"I asked you three times, and I will ask you again. I sit here in judgment of you. I am not concerned as to whether or not you can beat the case, but whether or not in your own mind you are guilty. I am not concerned as to whether or not you can beat the case or the State can prove the case, but whether or not in your own mind you are guilty of this charge. I think that is the dilemma facing you.

All right, Mr. Grant, I have already accepted your plea of guilty, and I enter a judgment on that finding, and I sentence you to five years probation on that plea of guilty. Does that help you?"

Defendant responded "Yes, sir", and the court then said:

"You know I want to make certain that these people know what they are doing. I don't want them to plead guilty if they don't feel that they are guilty, but sometimes people regard the evidence that is something they can't beat or maybe they feel that somebody has been unfair to them. When I accept a plea of guilty I want the defendant to know in his own mind — I want him to say, `I am guilty, and please give me the best the court could.' And in this case it was probation. I gave him five years probation, and that is my feeling. You understand me?"

Defendant said: "Yes, your Honor. Thank you."

• 2 In North Carolina v. Alford, 400 U.S. 25, 91 S.Ct. 160, 27 L.Ed.2d 162, the court there sustained a plea of guilty which was entered under similar circumstances to the case at bar.

In Alford, the plea was accepted and witnesses testified. The defendant Alford then took the stand and testified that he had not committed the murder, but was pleading guilty to avoid the death penalty, but in light of his denial, however, he still desired to plead guilty to second degree murder.

In Alford, the court then said at page 37:

"Thus, while most pleas of guilty consist of both a waiver of trial and an express admission of guilt, the latter element is not a constitutional requisite to the imposition of criminal penalty. An individual accused of crime may voluntarily, knowingly, and understandingly consent to the imposition of a prison sentence even if he is unwilling or unable to admit his participation in the acts constituting the crime."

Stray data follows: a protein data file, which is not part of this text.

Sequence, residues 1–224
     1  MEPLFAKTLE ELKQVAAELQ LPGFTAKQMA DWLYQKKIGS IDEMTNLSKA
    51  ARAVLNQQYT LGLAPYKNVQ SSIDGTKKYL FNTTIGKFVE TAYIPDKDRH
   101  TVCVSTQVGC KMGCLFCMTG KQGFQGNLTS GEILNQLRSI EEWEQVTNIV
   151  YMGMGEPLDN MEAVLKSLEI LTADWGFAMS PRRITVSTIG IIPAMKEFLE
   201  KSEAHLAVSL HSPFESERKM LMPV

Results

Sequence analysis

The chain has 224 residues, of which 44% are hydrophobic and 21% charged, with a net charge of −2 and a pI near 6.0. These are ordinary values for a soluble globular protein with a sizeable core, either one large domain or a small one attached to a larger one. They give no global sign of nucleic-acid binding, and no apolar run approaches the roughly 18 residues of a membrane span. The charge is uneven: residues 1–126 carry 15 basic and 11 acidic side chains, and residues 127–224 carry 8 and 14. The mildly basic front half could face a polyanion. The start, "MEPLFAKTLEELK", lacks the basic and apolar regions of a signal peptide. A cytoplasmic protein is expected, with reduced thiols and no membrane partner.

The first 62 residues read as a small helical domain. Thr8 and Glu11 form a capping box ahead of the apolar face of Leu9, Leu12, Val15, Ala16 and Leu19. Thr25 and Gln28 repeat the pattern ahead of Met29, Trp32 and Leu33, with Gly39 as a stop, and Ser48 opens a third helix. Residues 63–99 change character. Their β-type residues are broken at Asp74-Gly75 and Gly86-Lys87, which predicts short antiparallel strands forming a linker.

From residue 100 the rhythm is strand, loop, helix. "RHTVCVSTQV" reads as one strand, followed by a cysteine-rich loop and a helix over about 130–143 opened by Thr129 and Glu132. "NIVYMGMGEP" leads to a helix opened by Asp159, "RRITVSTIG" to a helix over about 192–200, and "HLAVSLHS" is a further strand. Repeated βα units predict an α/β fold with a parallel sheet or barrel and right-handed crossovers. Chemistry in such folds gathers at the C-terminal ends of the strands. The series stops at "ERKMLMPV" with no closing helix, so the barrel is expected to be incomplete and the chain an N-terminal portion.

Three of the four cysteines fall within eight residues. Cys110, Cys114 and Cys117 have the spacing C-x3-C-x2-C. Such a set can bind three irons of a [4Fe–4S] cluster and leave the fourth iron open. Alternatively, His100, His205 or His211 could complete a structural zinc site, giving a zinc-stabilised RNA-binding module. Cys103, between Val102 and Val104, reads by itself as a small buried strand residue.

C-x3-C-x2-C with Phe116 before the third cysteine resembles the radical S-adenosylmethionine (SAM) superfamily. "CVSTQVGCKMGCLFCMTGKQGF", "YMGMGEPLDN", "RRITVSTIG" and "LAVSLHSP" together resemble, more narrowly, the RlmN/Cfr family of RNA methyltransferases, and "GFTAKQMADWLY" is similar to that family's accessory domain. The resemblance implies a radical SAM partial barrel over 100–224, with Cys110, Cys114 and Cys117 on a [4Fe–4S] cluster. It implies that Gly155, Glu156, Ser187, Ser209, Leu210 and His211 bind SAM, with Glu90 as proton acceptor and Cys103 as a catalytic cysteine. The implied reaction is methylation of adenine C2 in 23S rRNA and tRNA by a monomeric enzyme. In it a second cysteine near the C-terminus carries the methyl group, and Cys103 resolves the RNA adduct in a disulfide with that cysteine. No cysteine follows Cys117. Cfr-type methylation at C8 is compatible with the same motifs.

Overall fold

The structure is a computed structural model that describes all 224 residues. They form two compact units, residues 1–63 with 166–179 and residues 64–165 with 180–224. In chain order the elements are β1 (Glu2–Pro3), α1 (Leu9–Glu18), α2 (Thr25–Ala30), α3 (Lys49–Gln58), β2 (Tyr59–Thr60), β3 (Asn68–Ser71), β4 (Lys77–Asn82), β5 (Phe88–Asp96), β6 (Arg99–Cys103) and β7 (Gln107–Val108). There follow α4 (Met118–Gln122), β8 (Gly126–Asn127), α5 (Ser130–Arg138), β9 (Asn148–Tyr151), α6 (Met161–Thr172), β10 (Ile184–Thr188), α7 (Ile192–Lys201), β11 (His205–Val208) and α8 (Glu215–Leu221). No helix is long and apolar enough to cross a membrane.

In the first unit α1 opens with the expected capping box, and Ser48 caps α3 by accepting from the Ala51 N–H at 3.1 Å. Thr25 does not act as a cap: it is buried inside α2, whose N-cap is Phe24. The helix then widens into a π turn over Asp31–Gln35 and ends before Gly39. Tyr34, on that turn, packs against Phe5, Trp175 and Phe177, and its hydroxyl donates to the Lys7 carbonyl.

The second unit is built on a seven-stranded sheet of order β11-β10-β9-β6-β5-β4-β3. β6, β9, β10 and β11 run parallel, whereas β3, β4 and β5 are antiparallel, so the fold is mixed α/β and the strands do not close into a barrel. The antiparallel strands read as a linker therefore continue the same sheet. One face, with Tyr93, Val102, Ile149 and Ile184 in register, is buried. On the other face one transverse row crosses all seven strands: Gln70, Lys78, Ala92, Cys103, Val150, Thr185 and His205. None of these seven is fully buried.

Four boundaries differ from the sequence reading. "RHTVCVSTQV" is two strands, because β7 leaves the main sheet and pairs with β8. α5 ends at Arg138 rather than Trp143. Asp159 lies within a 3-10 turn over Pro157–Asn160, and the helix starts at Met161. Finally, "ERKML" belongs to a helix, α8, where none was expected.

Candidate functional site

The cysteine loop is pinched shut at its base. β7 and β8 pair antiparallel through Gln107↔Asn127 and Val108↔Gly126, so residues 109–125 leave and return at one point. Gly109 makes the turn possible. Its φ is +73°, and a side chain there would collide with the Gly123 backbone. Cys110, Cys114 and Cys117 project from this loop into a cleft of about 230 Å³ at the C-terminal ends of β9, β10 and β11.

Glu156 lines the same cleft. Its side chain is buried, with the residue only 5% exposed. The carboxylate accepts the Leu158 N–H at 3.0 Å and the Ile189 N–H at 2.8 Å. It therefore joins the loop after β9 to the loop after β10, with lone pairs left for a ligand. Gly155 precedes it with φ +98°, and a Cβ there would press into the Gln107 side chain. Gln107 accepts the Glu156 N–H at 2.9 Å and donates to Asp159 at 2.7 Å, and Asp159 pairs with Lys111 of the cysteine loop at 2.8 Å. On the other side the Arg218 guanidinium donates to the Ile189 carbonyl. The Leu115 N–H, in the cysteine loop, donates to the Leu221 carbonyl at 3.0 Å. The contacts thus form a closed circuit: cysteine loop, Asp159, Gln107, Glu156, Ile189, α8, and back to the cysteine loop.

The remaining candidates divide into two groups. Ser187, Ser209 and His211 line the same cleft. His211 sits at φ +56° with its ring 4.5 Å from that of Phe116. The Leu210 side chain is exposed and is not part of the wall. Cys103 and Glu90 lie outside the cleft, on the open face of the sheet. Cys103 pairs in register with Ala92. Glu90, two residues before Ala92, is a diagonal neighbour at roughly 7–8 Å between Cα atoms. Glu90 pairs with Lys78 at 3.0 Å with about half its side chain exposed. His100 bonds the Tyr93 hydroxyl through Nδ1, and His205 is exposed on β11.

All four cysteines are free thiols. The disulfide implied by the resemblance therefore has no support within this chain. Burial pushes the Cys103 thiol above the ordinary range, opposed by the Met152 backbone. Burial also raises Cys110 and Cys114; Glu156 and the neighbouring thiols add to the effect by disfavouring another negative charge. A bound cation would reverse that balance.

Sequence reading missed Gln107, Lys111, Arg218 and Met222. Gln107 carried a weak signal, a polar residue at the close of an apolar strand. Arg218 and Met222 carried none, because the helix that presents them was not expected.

The court in Alford also said at page 31:

"The standard was and remains whether the plea represents a voluntary and intelligent choice among the alternative courses of action open to the defendant. See Boykin v. Alabama, 395 U.S. 238, 242 [23 L.Ed.2d 274, 279; 89 S.Ct. 1709] (1969); Machibroda v. U.S., 368 U.S. 487, 493 [7 L.Ed.2d 473, 477 83 S.Ct. 510] (1962); Kercheval v. U.S., 274 U.S. 220, 223, [71 L.Ed.2d 1009, 1012, 47 S.Ct. 582] (1927). That he would not have pleaded except for the opportunity to limit the possible penalty does not necessarily demonstrate that the plea of guilty was not the product of a free and rational choice, especially where the defendant was represented by competent counsel whose advice was that the plea would be to the defendant's advantage."

We have made a complete examination of the record and have concluded that the public defender is correct and there is no merit to this appeal. Defendant received a copy of the Public Defender's motion and brief; he was also sent a letter by this court advising him of the motion and that he could file any points he might choose to support his appeal. No response has been received from him.

The motion to withdraw as counsel for defendant is granted and the judgment is affirmed.

Judgment affirmed.

LEIGHTON, P.J., and SCHWARTZ, J., concur.